If an LLC is sued and I own the LLC, can I be sued as an indiviual?

Asked on September 16, 2012 under Business Law, Tennessee


SJZ, Member, New York Bar / FreeAdvice Contributing Attorney

Answered 8 years ago | Contributor

As a general matter, no: the owner (or any member) of an LLC is not liable for the debts or obligations, including those resulting from lawsuits, of the LLC. There are some exceptions, however:

1) If you personally did the wrongful act resulting in the lawsuit, you could be sued for your personal role (for example: you drove the company car that ran someone over; you made defamatory comments about a competitor).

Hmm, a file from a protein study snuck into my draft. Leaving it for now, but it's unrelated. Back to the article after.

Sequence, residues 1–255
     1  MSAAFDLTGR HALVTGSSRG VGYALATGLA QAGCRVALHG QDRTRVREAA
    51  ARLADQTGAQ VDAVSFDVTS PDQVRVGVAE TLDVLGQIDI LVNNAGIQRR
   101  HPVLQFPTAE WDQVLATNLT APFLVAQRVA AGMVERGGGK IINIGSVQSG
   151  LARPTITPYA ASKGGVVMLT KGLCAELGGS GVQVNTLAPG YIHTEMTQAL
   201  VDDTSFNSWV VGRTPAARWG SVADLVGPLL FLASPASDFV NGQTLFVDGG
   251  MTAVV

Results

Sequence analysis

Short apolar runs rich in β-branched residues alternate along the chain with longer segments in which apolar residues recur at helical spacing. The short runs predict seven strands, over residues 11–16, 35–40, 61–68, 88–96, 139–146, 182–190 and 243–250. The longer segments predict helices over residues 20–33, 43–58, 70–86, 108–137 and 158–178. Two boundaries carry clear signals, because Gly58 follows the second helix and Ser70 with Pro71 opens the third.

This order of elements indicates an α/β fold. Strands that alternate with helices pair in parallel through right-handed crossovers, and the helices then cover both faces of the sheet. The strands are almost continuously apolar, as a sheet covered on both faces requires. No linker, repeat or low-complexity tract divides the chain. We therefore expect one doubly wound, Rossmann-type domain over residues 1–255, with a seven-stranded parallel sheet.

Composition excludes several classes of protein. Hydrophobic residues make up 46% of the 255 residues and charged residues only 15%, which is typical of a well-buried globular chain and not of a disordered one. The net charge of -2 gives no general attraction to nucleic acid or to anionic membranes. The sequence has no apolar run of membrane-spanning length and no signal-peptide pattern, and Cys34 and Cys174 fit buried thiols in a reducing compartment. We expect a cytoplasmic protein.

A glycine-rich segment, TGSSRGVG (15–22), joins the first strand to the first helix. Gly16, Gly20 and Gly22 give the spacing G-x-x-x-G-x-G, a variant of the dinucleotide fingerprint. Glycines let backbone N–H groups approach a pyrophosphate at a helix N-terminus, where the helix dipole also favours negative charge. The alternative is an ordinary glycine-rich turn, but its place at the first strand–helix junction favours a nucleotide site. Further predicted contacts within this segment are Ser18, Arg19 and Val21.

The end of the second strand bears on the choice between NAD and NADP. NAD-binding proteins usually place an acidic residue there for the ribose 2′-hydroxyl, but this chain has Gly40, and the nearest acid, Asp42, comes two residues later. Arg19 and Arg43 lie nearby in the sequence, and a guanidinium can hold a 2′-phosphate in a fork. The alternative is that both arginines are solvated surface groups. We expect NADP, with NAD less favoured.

2) If it's liability for a fiduciary tax (e.g. sales tax; certain payroll taxes), as the person at the LLC reponsible (presumably) for paying them, you could be liable.

3) If you personally guaranteed any loans or other debts, you could be liable for those to the extent of your guaranty; in this vein, note that the holders of "business" credit cards are generally liable for them.

4) If it is determined that the LLC is basically a fraud, used to defraud creditors, and doesn't really have an independent existence, then sometimes (very rarely), creditors can "pierce the corporate veil" and hold the owner(s) liable.

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